She quoted the Quran in a tweet remembering her father: "Surely we belong to God and to Him shall we return"

By Adam Carlson
June 16, 2020 10:03 AM
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From left: Rep. Ilhan Omar with her father, Nur Omar Mohamed, in 2018
| Credit: Stephen Maturen/Getty

Minnesota Rep. Ilhan Omar said Monday that her father had died from complications of the novel coronavirus disease, COVID-19.

“No words can describe what he meant to me and all who knew him,” she said in a statement announcing the death of dad Nur Omar Mohamed.

“My family and I ask for your respect and privacy during this time,” she said.

In a Monday night tweet echoing her statement, she wrote of her "tremendous sadness and pain ... to say goodbye" to her father. She also quoted the Quran: "Surely we belong to God and to Him shall we return."

Other details about Mohamed's illness and death were not released.

"I am so sorry to hear about your loss, Ilhan," Jane O'Meara Sanders, the wife of Vermont Sen. Bernie Sanders, replied to Omar on Twitter. "Your dad was so proud of you! Sending love and support from our family to you and your family."

Omar, 37, rose to national prominence following her November 2018 election win as one of Congress' most visible progressive politicians — arguing for policies that have made her a lightning rod among conservatives. (She has also drawn occasional wider criticism, particularly over how she discusses the Israeli conflict with the Palestinians.)

Omar was the first Somali-American to be elected to Congress and one of the first Muslim women.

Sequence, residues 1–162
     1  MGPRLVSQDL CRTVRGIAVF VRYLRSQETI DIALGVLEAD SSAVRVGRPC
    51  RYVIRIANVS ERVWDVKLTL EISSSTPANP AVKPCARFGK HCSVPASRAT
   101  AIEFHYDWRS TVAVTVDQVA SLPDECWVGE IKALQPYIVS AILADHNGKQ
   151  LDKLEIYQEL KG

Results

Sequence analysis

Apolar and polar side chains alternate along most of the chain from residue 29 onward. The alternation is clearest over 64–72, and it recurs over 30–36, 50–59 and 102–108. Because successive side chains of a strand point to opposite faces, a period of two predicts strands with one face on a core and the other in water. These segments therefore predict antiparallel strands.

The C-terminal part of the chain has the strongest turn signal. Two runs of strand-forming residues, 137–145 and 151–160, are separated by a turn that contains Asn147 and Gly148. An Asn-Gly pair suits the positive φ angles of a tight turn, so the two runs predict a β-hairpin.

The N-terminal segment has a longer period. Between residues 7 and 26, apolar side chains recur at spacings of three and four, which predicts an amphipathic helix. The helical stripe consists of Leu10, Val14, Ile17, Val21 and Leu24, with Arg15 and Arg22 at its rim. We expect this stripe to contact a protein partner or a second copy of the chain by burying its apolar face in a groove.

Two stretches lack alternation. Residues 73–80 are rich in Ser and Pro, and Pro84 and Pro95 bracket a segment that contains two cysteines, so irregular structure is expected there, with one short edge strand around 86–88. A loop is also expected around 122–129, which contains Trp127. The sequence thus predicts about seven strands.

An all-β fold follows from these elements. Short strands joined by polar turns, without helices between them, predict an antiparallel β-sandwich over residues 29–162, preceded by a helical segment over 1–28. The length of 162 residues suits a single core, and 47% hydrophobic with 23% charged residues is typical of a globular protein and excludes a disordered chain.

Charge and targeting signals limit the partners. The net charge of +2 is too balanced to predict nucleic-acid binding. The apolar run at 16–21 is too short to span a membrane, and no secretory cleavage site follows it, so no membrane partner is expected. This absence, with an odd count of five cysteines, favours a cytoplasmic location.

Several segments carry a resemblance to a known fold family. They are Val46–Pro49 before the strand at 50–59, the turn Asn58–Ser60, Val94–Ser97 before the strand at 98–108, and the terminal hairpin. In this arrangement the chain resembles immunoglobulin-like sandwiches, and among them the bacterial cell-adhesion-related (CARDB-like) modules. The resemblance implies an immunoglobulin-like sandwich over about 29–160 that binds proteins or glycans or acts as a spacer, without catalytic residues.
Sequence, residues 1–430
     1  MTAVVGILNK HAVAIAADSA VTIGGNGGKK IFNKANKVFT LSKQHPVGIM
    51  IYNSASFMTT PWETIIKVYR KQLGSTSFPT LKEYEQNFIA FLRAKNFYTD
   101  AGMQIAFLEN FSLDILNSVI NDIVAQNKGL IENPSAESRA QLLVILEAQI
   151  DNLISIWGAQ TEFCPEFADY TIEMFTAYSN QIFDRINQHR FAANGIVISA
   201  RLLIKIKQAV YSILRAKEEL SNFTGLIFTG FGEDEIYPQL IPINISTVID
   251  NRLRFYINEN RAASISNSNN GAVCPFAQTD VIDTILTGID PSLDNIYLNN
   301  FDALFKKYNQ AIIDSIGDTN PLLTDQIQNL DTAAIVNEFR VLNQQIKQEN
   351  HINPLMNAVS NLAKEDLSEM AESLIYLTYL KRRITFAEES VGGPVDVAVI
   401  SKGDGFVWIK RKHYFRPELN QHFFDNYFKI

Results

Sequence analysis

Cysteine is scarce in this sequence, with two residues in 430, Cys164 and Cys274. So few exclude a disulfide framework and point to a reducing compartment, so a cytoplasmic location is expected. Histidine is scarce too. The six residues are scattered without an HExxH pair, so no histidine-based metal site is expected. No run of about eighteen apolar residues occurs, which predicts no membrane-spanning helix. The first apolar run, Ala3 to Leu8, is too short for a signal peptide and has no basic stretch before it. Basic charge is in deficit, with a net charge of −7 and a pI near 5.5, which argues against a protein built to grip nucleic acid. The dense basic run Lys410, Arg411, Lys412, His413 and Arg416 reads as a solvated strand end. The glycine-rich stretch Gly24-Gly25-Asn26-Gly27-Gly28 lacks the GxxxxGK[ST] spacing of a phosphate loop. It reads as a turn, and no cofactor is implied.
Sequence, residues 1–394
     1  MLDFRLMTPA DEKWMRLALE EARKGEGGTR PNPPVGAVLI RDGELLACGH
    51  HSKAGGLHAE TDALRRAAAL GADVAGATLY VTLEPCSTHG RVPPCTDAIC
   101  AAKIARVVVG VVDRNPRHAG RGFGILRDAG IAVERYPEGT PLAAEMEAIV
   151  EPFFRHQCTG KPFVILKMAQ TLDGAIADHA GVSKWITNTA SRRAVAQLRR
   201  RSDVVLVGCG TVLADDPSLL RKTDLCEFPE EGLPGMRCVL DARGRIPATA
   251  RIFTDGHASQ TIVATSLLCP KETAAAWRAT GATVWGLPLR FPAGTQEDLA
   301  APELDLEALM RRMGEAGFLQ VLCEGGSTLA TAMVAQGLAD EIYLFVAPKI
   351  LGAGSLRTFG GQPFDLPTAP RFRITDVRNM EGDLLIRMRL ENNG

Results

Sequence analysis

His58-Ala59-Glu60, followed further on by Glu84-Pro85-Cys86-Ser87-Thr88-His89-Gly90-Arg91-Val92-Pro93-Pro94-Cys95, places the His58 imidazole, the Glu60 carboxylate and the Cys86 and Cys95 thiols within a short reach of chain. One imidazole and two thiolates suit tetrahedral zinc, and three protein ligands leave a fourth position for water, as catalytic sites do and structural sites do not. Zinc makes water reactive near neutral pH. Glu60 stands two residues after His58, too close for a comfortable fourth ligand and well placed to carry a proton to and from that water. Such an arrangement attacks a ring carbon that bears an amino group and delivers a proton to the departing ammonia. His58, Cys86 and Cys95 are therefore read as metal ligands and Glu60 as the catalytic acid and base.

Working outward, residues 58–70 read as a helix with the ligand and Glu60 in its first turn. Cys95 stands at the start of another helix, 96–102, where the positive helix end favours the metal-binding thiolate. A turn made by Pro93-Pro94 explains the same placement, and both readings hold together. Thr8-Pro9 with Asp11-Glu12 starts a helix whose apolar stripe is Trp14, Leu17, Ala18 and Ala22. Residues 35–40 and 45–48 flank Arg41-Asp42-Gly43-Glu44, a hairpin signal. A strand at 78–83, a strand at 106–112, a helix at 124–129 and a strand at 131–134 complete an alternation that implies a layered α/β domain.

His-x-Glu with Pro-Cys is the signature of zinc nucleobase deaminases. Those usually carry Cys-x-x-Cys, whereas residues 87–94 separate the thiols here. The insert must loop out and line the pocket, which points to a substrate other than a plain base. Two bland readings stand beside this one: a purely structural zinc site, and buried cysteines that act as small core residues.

Minnesota Rep. Ilhan Omar (second from right) next to her father, Nur Omar Mohamed, during a ceremonial swearing-in with Speaker of the House Nancy Pelosi at the start of the the 116th Congress on Jan. 3, 2019.
| Credit: SAUL LOEB/AFP/Getty

A child refugee of the Somali civil war, she and her family later spent three years in a camp in Kenya before arriving in the U.S. in 1995.

A recent memoir, This Is What America Looks Like, recounts her escape from her birthplace, her new life in America and her political career as well as the years it took for her to process the long shadow of what she had survived.

"It was torture. It was torture, absolutely," she recently told PEOPLE of the writing process. "I am someone who goes through moments in life. ... And that has been part of my survival. At times, that has caught up with me. The writing process for this book, it was painful to have all of those moments come to life. And to not only write about them, but to think through how those moments have impacted my life and shaped the person I am today."

"As someone who really is a complete unicorn in American politics today, I wanted to give the readers the opportunity to really get to know me on a personal level," Omar says. "And give them the chance to see the kind of trials and triumphs I've had. ... Your today never really has to determine your tomorrow. There's always a brighter day if you're willing to fight for it."

Nationwide, the novel coronavirus pandemic has killed more than 116,000 people out of more than 2 million cases, according to available data.

The illness has affected high-profile political families as well: In April, Massachusetts Sen. Elizabeth Warren said it had killed her older brother Don.